In light of the recent allegations concerning the ethical standards and practises of a number of major high street chains and fashion retailers, brought forward by Channel 4’s leading investigatory documentary series Dispatches. I thought it necessary to complete an in depth study into the practical application of the moral and social principles adopted by the industry at large today. With this, I hope to point the reader optimistically in a direction that allows them to draw on their own conclusions and establish a non biased and independent understanding. In addition, I will also secure a working commentary on the topical issues regarding the contemporary Fashion and Garment industries. This commentary will sum the piece up and cement a moral standing throughout, whilst providing the reader with the relevant backdrop needed to allow them to come to an unfettered conclusion.
I thought I’d start by highlighting some of the issues depicted in the Channel 4 documentary. I think the predominant issue “Dispatches” pointed out was the idea and utter reality that through a complex chain of contractors, sub-contractors and numerous other members in the supply chain, our cherished high-street stores are not held accountable. It would seem that they are allowed to distance themselves from the voracious intricately woven web of intemperate lies of a corporate driven totalitarianism system. The notion that wealthy conglomerates can assist their financial interests whilst shamelessly and continually breaking their ethical codes of conduct is staggering. This level of nefarious behaviour could not surface in other industries owing to the fact that they are not shy of proper consistent regulation. I can assure you the line is drawn a lot thicker and such moral and ethical standpoints are not crossed without caution.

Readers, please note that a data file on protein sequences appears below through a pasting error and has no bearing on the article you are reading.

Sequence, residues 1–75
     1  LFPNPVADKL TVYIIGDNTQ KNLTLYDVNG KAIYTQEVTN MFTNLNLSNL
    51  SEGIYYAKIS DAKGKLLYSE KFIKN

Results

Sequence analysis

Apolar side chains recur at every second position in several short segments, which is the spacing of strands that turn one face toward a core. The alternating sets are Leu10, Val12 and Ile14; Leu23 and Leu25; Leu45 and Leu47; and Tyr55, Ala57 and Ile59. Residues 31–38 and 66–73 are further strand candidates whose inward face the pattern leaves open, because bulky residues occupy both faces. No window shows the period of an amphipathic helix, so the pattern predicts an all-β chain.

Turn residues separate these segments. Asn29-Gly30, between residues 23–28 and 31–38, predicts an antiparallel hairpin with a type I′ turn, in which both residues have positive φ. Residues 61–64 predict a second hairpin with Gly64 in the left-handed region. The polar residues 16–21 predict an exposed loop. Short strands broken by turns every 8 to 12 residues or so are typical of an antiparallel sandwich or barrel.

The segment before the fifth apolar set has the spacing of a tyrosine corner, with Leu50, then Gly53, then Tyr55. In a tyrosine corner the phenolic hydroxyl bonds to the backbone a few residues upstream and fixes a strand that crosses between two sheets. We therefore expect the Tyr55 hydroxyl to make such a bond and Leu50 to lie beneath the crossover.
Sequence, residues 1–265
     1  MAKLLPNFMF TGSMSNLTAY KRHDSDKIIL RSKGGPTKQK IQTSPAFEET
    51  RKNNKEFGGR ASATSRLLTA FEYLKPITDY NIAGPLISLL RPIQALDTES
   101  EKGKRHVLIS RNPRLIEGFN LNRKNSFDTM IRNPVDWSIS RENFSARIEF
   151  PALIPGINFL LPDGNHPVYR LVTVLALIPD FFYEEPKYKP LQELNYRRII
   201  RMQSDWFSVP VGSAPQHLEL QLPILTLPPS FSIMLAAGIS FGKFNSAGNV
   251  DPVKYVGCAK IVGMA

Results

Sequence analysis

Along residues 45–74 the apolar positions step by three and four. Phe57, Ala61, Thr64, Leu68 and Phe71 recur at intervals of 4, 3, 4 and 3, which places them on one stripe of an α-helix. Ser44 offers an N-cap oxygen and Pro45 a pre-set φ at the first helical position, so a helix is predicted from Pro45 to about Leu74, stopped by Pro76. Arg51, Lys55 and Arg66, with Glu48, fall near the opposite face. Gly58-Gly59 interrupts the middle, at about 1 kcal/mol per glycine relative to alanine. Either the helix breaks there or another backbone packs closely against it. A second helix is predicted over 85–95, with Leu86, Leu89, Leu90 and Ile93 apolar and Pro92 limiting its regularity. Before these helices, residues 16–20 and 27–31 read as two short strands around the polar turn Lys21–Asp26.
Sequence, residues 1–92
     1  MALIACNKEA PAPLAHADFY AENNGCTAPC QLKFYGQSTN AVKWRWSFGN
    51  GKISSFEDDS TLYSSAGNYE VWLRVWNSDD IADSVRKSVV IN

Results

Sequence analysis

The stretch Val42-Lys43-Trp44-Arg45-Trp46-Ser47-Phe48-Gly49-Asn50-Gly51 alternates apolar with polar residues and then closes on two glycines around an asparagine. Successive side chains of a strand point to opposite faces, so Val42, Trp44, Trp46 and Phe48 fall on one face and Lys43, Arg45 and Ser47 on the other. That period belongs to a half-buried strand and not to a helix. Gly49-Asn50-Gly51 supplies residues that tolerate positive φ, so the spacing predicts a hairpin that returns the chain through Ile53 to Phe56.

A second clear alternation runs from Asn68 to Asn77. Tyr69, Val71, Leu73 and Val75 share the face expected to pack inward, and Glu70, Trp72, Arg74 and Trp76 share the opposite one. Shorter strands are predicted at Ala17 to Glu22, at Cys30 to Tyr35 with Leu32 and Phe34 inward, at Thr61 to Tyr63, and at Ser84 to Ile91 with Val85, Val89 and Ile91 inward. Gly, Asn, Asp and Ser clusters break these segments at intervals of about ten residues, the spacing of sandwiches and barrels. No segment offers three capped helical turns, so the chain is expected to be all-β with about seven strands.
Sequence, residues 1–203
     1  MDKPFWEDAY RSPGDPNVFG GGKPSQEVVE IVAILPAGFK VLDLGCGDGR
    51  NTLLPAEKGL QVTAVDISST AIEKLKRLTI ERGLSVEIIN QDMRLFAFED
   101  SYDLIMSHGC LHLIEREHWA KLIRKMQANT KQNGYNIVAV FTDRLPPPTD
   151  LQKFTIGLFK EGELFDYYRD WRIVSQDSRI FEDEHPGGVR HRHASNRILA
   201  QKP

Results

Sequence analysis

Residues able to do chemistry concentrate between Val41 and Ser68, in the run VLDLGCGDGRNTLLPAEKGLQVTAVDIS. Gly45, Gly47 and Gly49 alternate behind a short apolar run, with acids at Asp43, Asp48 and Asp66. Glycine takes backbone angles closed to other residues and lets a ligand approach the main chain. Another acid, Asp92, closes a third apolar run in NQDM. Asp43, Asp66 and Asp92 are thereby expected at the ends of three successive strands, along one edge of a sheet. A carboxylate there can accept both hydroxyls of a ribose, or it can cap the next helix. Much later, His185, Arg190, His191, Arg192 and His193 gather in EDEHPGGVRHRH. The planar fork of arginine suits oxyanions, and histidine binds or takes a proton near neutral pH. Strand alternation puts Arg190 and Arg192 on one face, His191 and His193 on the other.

It seems so blatant and somewhat accepted in our society today that we expect a garment to be the same price as a Grande Latte from Starbucks. It poses me to ask the question; As a society in general, do we really care and consider the proper and moral implications of the clothing we purchase nowadays? I mean, reality is that we all live fast paces lives with a throwaway culture, so with this in mind we are out shopping on our lunch break and if we see something in that 30 minute window and its in the sale, its a given that we ‘ll run out of the store hands waving in the air with sheer contempt and that “just bagged a bargain” type feeling. But, how long does the elation last? This ties and indeed feeds directly into the whole ongoing repetitive cycle of cheap throwaway fashion and the ultimate human cost at the end. The point is that we don’t think twice before making an impulse purchase and either don’t care or have the time to care about where and how our clothing is produced. We’re never happy and eternally seeking enlightenment, often through fast paced life upgrades (a major part being throwaway fashion). We wouldn’t dream of admitting this to ourselves for fear of actually finding out how shallow and egocentric our existence is.
Not that I wish to render an unfathomable image of gloom and self loathing into the mind of the public, I’m of the view that we are not the guilty party in question here. The accountability lies with multinational high-street chains who expect us to invest in them with a perpetual endeavour, whilst in actuality they are unhesitant in their firm grasp on our purse strings. This tends to be accepted in a world where the majority of us are more than ever inclined to make our own assumptions on where we wish to spend our precious disposable income. But what I have a problem with is the assumption from these powerhouse multinationals that we categorically couldn’t care less about the ethical aspects, legitimacy and ultimate human cost of the industry as a whole.
It certainly seems that whilst one of the main reasons behind this idea of churning out cheap disposable fashion is one of monetary decent with an enduring focus on “expense”. With this in mind, If a more thorough time was spent calculating the human expense with regards to conditions, labour, pay and so on, we as a society would not be in this shocking situation in the 21st century. It is frankly dubious and so far-fetched that I’m surprised there hasn’t been an initiative to properly stamp out this kind of misconduct.